Many of these families were like Mandi’s, headed by single mothers fleeing a decades-long legacy of violence and poverty, military camp followers seeking a toe-hold in the shifting desert sands. They found jobs at local establishments such as bars, fast food joints, bowling alleys, adjacent mega malls, and so on. Their kids formed fast and fierce connections, taking care of each other, each other’s babies, and often, Marines – many of them, after all, boys on the verge of manhood, heading off to war. Intrinsic to their preparations was a marching cadence that is probably rooted in ancient conflicts, perhaps still uttered today in far-flung districts. It surfaced American-style during the Gulf War, and here’s an excerpt:
…I wish all the ladies was bells in the tower.
If I was the hunchback, I’d bang em on the hour.
Singin’ hey bobba-ree-ba, hey bobba-row . . .
In the end, Mandi and Rosie were raped and killed in what had become a sexual war zone on the home front, their bodies left on the field. How this happened and why are the questions I explore in my book. The incident happened on dollar-drink night in Twentynine Palms, an evening that occurred every two weeks on Marine pay day. That’s when the violence in town would spike. The man who killed Mandi and Rosie was a star on the Marine basketball team. He had a history of violence towards women before he joined the Corps and while in it, shortly before the attacks on Mandi and Rosie, he had raped the daughter of a sergeant major. But the incident had been overlooked and then came the night that Mandi and Rosie were killed. Mandi would have turned sixteen on the following day; Rosie was almost twenty-one. Her parents – long-haul truckers - had picked up her baby daughter shortly before the murders, fearing trouble in town. Mandi’s mother had just picked up a refurbished Camaro, wheels to help a girl celebrate her birthday – and then one day, get out of town.
When my book was first published, some in Twentynine Palms waged a campaign on amazon to discredit it, suggesting that I didn’t like the town or was attacking the military. To this day, in some quarters, the controversy continues. Yet neither assertion was true. I have written extensively about the area, urging people to visit for example – and also have written about radical Islamic presence in the military.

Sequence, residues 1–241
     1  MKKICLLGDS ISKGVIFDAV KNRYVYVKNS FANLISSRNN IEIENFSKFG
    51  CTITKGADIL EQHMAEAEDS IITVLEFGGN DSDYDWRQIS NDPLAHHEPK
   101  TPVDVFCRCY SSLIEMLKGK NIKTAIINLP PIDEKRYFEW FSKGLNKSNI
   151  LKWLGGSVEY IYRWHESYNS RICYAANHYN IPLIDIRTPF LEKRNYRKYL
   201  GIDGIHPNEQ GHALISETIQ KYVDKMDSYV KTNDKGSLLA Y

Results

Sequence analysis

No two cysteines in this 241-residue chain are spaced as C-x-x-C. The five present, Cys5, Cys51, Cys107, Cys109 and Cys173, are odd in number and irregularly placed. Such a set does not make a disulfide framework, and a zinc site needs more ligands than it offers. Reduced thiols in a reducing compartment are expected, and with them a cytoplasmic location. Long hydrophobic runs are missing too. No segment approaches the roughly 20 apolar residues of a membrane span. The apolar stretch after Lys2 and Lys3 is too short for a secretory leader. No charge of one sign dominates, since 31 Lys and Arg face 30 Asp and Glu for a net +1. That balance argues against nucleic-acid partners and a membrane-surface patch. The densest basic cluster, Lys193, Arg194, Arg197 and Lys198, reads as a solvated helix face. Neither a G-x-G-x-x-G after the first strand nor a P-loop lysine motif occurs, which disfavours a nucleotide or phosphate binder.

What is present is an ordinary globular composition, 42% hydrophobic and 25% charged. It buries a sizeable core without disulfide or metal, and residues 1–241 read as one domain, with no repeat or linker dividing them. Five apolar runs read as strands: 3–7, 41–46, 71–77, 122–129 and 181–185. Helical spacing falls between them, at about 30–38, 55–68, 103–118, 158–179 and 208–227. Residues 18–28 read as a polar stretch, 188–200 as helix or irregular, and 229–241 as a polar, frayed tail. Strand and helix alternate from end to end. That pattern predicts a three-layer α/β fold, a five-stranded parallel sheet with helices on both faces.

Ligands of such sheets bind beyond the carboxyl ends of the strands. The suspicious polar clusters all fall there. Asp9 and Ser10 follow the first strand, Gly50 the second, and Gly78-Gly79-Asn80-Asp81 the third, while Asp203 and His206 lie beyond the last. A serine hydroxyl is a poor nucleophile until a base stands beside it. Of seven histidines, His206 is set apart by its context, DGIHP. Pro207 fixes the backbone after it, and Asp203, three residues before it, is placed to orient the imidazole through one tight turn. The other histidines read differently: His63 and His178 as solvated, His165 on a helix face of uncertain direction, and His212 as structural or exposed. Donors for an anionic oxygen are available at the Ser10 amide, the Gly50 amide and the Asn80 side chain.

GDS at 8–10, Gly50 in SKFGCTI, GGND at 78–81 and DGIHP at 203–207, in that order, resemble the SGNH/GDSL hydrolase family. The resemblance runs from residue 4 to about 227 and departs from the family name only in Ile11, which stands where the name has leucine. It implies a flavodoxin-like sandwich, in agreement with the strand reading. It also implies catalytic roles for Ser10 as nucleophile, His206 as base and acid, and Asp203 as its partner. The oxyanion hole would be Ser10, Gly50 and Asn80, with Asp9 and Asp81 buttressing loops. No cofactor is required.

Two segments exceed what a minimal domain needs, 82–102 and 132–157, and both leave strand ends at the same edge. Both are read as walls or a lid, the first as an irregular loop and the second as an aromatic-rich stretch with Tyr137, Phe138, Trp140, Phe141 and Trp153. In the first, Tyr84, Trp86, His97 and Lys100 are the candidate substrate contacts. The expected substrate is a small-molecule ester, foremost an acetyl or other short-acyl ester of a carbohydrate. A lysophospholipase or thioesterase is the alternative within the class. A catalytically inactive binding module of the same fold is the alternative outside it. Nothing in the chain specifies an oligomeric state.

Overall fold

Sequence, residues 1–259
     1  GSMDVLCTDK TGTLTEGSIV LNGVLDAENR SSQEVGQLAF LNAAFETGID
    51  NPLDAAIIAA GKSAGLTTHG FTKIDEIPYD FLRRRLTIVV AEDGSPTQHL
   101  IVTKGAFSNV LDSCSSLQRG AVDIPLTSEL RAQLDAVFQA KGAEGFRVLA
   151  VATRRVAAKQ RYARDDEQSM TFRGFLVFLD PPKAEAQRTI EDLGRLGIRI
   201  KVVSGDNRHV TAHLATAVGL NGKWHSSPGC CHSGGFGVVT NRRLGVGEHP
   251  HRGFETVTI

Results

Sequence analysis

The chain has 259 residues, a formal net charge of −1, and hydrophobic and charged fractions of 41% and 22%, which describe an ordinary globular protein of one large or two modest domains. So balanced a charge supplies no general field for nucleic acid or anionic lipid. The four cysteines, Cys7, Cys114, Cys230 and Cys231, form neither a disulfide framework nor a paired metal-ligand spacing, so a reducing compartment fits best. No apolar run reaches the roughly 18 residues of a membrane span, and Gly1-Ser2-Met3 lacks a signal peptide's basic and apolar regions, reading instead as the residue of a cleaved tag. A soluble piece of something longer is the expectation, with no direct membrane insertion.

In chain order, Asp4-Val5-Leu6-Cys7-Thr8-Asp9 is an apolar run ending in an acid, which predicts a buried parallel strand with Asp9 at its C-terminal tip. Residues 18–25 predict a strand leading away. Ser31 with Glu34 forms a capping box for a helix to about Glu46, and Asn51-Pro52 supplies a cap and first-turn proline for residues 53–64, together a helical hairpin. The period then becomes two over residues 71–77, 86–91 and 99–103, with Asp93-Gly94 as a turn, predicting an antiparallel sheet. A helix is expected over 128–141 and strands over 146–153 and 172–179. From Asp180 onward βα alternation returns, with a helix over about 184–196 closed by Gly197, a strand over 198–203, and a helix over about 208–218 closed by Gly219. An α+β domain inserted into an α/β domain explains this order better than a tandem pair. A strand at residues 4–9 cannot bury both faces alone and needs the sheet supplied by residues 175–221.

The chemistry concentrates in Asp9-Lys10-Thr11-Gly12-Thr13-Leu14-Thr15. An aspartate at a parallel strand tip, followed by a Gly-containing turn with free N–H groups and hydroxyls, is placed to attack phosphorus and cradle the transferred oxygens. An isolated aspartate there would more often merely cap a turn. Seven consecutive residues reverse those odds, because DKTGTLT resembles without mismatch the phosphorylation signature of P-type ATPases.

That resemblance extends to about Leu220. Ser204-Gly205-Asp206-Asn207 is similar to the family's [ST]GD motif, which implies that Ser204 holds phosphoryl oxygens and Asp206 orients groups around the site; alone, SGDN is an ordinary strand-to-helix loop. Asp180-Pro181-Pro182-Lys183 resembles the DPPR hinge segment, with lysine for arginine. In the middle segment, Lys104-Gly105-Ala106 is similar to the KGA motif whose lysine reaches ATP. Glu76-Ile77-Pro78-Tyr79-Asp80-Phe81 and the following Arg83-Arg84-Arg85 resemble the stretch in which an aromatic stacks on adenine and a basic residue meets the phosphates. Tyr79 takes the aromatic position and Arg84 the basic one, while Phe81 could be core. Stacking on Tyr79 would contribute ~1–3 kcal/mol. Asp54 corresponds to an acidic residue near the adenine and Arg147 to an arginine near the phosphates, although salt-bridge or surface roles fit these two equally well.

And, as I mention in the acknowledgments section of my book, I could not have written it without the help of certain Marines, who served as guides through the nooks and crannies of their world, and to this day remain good friends. I am in awe of what they volunteer to do for our country, and I will never forget them. Often, I think of the Marine who testified for the prosecution in the murder trial of Valentine Underwood (who received a mandatory life sentence without parole). He had trouble speaking and he had the shakes. It was painful for him to travel anywhere and flying across country and then heading to the courthouse in Victorville had worsened his condition. Later he told me he had Gulf War Syndrome – a condition that the government has yet to acknowledge. I would like those who may not know that many who enlist in the armed services do so out of honor and tradition, and this man was one of them.
And now, back to our class system. Violence is routine in the lives of the girls I wrote about. It is routine in the families of some of the Marines I met along this particular trail. Rough legacies cannot easily be shaken and it is citizens bearing such legacies who often cross paths in military towns. Sexual assault inside the military and in military towns is not going to vanish. It is a result, in part of these histories – and the things that do not heal the wound. Listening to the wounded – the voiceless, the young cast-aways in military towns, the people who toil in the hold of our ship – is my task as a writer. That’s what I learned to do in the desert, amid the Joshua trees and bobcats and ravens. I got quiet and then a story came through and it was called Twentynine Palms.
At this time of year, on the anniversary of their deaths, I always think about the two friends who went down together as they tried to take care of each other and their friends. RIP, Mandi and Rosie, and thank you for your service. And thank you to all who take care of those in the military, sending them off to war and welcoming them when they return. To some they are “the trash in town.” To others, and all of us, they are essential.